Climate change associated with human adaptive activities, especially the social agents’ decisions on land use, has exerted synergistic impacts on the land surface at different scales (Rounsevell and Reay 2009). There are generally two approaches through which the climate change influences the dynamic land surface properties, that is, the natural processes and human adaptive behaviors. The natural processes, for example, the change of thermodynamic properties and hydrological changes, will alter the terrestrial land surface at the long-term scale, and the inherent properties of different land-cover types limit the land-use activities of human beings, while the human adaptive behaviors may mitigate the adverse effects of climate change through changing the land-use practices. For instance, the herdsmen prefer pasturing sheep on the grassland to other land-cover types, and therefore, they may transform the cultivated land and forest land into grassland so as to adapt to the climate change and obtain more ecosystem services. However, there has been very limited knowledge on the impacts of climate change on the land-use dynamics through disturbing microagents’ behaviors so far. Besides, climate change has also influenced the behaviors of government agents, who have taken measures to mitigate the impacts of the climate change and may subsequently influence the behaviors of other agents. For example, the long-term strategic development policy in the western region of China has greatly promoted the ecological restoration and protection of the regional ecosystem; the subsequent national-wide policies of Grain for Green (GFG) and Overgrazing Forbidden have made remarkable progresses in the land planning and ecological construction through compensating farmers and herdsmen for the change of their unreasonable land-use practices; what is more important is that the establishment of the TRHR nature reserve has imposed restrictions on the local human land-use practices and consequently protected the local ecological environment.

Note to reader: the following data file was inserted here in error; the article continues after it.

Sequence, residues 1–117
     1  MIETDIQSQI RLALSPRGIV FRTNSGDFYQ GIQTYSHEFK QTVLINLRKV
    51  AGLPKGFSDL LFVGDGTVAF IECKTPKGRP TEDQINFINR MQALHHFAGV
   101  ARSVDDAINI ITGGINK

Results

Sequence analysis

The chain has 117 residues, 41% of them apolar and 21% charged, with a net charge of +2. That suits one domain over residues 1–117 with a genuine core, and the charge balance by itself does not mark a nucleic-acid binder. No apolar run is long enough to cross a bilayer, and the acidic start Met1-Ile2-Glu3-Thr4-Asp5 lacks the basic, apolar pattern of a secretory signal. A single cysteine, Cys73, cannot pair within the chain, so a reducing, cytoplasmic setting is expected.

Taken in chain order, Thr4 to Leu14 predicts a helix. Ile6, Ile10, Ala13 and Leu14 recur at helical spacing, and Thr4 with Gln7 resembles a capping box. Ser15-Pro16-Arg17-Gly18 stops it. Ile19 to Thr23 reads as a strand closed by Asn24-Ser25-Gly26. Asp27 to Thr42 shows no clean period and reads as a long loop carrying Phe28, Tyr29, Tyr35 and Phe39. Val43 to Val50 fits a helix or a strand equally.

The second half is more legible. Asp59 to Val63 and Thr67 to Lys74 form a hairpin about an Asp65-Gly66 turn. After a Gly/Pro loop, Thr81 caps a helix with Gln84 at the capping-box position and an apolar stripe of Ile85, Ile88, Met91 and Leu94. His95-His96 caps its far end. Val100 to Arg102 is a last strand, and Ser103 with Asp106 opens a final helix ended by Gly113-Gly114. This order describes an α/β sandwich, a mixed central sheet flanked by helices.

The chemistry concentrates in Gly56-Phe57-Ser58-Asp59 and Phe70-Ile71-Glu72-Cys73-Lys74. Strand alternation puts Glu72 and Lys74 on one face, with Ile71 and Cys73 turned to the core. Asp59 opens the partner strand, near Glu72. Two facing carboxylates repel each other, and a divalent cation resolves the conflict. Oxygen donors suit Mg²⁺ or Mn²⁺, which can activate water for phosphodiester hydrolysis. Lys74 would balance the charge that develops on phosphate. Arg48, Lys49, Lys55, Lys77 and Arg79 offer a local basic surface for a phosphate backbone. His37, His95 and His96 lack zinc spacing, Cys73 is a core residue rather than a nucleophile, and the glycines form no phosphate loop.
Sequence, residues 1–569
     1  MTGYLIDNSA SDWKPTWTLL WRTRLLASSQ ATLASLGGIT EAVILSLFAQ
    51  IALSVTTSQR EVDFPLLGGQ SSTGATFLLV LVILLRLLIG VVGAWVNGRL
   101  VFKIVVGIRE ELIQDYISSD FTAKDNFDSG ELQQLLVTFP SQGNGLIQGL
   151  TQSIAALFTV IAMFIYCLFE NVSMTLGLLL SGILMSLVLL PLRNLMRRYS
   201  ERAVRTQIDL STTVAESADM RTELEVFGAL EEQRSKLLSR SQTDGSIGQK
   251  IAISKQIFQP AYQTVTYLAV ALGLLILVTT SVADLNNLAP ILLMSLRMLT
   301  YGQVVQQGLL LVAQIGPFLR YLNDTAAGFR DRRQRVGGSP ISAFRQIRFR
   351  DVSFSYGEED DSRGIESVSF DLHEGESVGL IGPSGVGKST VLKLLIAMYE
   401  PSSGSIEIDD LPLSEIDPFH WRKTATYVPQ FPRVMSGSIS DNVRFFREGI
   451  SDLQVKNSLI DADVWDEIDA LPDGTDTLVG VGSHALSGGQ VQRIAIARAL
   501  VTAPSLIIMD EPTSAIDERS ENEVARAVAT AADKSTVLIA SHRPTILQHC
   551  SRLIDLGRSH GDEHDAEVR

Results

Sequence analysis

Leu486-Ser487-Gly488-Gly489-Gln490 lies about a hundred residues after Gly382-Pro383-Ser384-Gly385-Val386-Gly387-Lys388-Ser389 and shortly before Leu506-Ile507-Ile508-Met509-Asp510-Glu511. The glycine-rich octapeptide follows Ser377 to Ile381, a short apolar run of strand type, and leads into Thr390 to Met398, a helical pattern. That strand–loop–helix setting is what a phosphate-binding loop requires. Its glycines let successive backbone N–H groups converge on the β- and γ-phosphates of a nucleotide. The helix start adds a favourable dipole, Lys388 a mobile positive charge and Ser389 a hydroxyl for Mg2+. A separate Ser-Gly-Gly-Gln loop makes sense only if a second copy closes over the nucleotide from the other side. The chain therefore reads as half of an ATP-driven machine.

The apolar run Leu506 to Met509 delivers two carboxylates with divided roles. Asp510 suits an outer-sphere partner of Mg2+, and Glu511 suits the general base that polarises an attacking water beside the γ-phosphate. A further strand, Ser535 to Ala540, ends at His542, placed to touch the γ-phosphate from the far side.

It is necessary to analyze the driving mechanism of social agents’ behaviors and clarify their behaviors or decision algorithms with a proper model in order to more accurately study the temporal and spatial transitions of land use under the impacts of climate change and social agents’ behaviors. The agent-based model (ABM) is a mainstream model to specify the behaviors of agents. Although there have been many ABM studies on the regional and local simulation, especially in the urban areas and transition zones between cultivated land and grassland, it is still necessary to carry out more in-depth ABM studies in areas without significant land-use/land-cover change (LUCC) and easy-distinguished agents. Besides, previous researches on the identification and parameterization of the agents’ behaviors have mainly relied on the mathematical or econometric theories, which are different from the thinking ways of human beings from the ethological perspective in the real life. What is more, agents will actually choose the land-use practices for a targeted land parcel according to their own or neighbors’ successful land-use experiences, which has served as the theoretical basis of the case-based reasoning (CBR) in this study.